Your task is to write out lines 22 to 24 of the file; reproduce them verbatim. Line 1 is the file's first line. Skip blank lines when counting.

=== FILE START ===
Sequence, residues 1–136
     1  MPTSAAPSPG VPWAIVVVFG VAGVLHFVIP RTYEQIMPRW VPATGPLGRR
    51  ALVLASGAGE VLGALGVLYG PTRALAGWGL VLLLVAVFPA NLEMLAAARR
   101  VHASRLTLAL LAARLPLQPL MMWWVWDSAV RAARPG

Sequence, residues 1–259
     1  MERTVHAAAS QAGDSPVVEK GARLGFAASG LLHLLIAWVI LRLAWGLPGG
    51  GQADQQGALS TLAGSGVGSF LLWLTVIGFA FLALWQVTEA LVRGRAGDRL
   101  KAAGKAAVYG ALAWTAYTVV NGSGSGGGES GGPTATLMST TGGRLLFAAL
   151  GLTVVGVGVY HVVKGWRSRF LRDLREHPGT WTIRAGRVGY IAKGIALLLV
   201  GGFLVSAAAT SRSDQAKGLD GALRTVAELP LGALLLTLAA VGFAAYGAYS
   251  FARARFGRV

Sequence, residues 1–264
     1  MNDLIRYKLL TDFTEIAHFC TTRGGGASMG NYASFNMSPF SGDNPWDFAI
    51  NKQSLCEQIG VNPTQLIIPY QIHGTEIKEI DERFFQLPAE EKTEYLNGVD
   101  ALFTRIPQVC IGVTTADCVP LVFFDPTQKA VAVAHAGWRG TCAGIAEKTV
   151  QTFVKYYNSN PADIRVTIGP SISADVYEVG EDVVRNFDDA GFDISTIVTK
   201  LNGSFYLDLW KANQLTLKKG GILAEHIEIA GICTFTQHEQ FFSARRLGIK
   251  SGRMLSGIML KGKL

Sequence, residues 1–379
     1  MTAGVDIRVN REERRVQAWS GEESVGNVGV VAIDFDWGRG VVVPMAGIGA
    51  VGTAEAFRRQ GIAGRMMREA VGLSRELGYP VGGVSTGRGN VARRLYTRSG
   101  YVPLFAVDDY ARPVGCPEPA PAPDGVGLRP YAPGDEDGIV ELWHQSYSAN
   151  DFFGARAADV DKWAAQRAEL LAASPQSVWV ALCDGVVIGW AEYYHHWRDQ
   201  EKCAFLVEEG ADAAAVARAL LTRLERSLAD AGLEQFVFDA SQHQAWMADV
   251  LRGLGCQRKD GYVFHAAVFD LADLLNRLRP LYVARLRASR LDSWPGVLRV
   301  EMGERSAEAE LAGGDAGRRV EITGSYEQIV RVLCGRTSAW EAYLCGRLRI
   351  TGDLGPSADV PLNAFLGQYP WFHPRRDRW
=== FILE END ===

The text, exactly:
   101  YVPLFAVDDY ARPVGCPEPA PAPDGVGLRP YAPGDEDGIV ELWHQSYSAN
   151  DFFGARAADV DKWAAQRAEL LAASPQSVWV ALCDGVVIGW AEYYHHWRDQ
   201  EKCAFLVEEG ADAAAVARAL LTRLERSLAD AGLEQFVFDA SQHQAWMADV